Feb 14, 2004


'He's lost so much weight now, I can pick him up under his arms and lift him into bed."


Her voice caught and she raced on, telling me how she gets her husband to eat. "It takes him four swallows to get any liquids down. But the truth is, he hasn't any appetite anyway, and as for watching TV, he hasn't the energy for it. I think it's just the familiarity of the noise that he wants, so he doesn't have to think about too much."


As for herself, she's worried that she doesn't know how to care for her dying mate and she is terribly disappointed in the doctors who are looking after him and are supposed to be guiding her. They have made suggestions, and then not followed through. They had stopped his diabetic drugs and then suddenly he was up every hour to pee through the night. And she isn't sleeping because she needs to be up to help him to the bathroom.


"I think they made a mistake, but they are so kind and they come twice a week to the house, we don't even have to go out. But shouldn't they have known?" I slow her down and ask about the simple stuff of care. Who is helping? Does she have a commode? Who is driving them to his chemo treatments?


She's mustering everything she has to look after her man. Yes, she has wonderful friends and a strong family including a daughter-in-law who drives into town every day to run the errands and take the pair to hospital. But disgorging her anxieties, she rushes on. "You know what I feel? After 50 years of him looking after me so wonderfully, this is the least I can do for him. So who cares if I'm not sleeping? I need to be there when he wakes up because he's not able to manage himself."


I ask my patient if she's still finding time for her writing -- she's a rejuvenated, late-life poet, but that's brushed aside, like lint. They have had a wonderful love affair throughout their lives, and she knows this. Their lawyer has been summoned to "put things in order," but as a couple, they haven't put much of anything in order yet. Their order comes in the minutiae of their day-to-day struggle of living, of holding to timeworn routines, of drawing hope from those unforgiving chemo treatments.


For another of my patients, the love affair has been a true May-December match. He was a widower in his 60s when they met and she, a driven career woman in her 40s, past her childbearing years, considered herself well ensconced in her solitude. The magic buzz that grew into passion took them both by surprise. The race to merge their lives raised a lot of eyebrows. But if life is counted in minutes lost, then this pair felt they had a lot of catching up to do. So the suddenness of his illness shook them to the core. Of course, she had no expectation of outliving him, and she had been blunt with her friends when they had cautioned about a lifetime spent nursing an old man. And he had been equally scathing with his friends when they had implied that he was marrying to secure a caregiver.


But that's what she's deeply engaged in doing now and it's been a crash course in delegating, training, co-ordinating and managing all the unfamiliar details of supported home care.


These last three words describe the work of many wonderful palliative-care teams that have sprung from the hospital base to provide family members with options in the care of terminally ill relatives. The teams help families with the supports and services that let patients remain in their own homes with drug and nursing support. Part of the mandate of these teams is to know the limits of assisted care in any household and when it may be more appropriate to make the transition into hospice or hospital care.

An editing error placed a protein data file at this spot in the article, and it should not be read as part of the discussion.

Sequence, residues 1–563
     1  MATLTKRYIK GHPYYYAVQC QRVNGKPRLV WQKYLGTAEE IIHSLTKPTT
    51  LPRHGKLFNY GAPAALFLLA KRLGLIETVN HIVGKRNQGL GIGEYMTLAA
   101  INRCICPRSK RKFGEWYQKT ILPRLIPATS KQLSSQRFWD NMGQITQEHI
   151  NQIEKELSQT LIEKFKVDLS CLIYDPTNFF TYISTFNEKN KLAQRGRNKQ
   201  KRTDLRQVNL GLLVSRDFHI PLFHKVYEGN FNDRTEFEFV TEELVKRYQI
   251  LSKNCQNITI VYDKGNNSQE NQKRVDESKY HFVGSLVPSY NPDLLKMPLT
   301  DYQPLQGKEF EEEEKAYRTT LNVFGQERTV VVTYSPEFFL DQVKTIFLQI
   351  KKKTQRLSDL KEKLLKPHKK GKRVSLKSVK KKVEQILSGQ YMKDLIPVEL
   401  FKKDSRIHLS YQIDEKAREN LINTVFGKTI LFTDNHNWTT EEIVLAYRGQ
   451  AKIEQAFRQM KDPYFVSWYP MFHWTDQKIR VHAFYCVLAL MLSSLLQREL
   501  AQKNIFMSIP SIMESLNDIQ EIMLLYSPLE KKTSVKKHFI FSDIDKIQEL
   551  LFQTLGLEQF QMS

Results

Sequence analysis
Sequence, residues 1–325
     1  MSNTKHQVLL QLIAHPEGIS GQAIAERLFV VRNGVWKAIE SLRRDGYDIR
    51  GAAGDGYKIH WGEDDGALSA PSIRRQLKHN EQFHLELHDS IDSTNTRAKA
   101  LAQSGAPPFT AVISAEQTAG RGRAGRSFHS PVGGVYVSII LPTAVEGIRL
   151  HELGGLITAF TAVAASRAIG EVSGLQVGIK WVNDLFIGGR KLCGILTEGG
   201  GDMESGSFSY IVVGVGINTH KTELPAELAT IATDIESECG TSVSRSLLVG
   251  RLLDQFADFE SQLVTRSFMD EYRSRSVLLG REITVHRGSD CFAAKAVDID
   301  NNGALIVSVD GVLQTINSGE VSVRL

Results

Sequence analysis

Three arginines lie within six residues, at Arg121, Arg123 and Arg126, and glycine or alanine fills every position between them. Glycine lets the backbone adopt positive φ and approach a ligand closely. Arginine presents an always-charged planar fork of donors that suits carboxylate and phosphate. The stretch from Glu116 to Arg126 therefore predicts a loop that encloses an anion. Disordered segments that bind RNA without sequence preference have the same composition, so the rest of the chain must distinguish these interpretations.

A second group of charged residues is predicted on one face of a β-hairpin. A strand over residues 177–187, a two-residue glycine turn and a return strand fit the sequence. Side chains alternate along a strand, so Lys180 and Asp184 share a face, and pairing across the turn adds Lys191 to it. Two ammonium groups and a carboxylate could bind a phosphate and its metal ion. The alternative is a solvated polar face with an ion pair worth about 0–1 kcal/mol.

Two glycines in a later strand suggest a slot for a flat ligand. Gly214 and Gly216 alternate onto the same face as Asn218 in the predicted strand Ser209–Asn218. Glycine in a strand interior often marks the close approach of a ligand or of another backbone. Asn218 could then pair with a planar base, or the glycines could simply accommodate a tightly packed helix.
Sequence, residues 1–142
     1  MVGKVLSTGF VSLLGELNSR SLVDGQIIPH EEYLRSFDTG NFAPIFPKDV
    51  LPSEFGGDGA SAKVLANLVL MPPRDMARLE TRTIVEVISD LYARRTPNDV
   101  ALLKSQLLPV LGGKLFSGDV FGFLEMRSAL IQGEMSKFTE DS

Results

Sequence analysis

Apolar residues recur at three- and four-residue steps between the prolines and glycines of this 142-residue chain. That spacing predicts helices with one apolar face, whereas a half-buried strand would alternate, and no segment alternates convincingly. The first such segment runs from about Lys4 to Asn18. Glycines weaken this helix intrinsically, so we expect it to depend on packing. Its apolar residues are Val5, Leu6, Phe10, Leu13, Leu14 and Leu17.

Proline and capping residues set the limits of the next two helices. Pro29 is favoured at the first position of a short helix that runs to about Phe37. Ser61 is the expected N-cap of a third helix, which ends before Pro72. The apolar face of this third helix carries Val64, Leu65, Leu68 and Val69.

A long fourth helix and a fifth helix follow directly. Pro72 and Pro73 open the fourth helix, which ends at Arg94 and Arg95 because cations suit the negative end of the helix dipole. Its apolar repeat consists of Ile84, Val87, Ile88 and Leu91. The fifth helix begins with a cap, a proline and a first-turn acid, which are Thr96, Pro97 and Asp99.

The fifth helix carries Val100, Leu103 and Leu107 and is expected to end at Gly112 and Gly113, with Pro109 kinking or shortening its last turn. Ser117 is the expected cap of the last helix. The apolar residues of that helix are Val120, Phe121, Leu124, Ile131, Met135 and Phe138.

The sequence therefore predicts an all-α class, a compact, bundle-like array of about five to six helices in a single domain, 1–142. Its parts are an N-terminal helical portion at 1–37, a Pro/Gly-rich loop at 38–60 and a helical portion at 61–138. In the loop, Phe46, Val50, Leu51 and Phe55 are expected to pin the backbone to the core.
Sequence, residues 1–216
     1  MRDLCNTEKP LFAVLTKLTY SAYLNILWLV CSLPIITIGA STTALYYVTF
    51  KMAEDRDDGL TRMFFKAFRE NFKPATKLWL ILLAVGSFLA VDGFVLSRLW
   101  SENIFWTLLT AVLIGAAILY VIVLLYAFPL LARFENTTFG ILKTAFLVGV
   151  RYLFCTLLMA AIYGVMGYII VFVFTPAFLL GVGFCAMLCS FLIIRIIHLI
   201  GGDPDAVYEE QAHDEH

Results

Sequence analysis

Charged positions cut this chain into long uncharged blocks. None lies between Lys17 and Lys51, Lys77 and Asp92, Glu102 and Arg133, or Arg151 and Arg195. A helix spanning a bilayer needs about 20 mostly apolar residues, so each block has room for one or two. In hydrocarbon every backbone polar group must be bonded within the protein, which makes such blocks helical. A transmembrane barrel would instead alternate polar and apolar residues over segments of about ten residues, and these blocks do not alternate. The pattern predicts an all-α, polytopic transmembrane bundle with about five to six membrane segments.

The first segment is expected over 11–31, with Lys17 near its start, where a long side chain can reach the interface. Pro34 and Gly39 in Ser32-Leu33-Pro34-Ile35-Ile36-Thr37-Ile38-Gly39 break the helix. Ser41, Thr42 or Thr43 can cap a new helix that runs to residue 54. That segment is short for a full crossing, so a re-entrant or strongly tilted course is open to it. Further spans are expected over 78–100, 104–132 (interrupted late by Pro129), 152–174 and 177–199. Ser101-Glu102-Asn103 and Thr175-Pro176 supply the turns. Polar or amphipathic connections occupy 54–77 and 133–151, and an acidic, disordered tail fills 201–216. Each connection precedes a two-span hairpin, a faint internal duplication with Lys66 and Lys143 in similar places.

Most of us who use these teams do so around cancer diagnosis because it's here that most of a family's questions arise in quick succession and with urgency. Even then, there are many times when a change for the worse happens faster than anyone can predict. At that point, family conferences are called, caregivers assembled and decisions are made about comfort, treatment, quality-of-life issues, mode of dying. Thus armed, families soldier on, helped if not relieved.


But in my experience, while working with professional caregivers alleviates much of the chaos surrounding the decline of a loved one, the process is not infallible, and the family may be left feeling unsure of what is happening and what to expect. Observations about how speedily or to what degree people are declining may be plain wrong. Most palliative-care specialists won't be drawn into discussions of "How long do we have?" And the outsider's view of the process may preclude any inherent and even quirky strength to rally, to rewrite the script that is written into every human being from the day he or she is born.


And the caregivers hold their collective breath, hoping against hope for that rally, that defiance of the odds, their need to hang on to any kind of life outweighing the prospect of going on alone.


But if it is all passing too quickly for these two couples, whether it's been 50 years or only five, one thing is clear: It's been a grand ride for all of them. They reflect the joy of a shared life, and all the riches that people provide for each other through their zest for life and their joy in each other.


Both of these women admit to wrapping their arms around their men to get them to the bathroom upright.


And both have marvelled at the power of their love to enable them, weary and heartsick and fearful, to do just this thing -- wrap themselves around the core of their love and know its power.


It is a love to last a lifetime. And it's a reminder that "life is not a journey to the grave with the intention of arriving safely in a pretty and well-preserved body, but rather to skid in broadside, thoroughly used up, totally worn out and loudly proclaiming, 'Wow, what a ride!' "

Dr. Jean



Doctor. Writer. Athlete.

Advocate. Adventurer.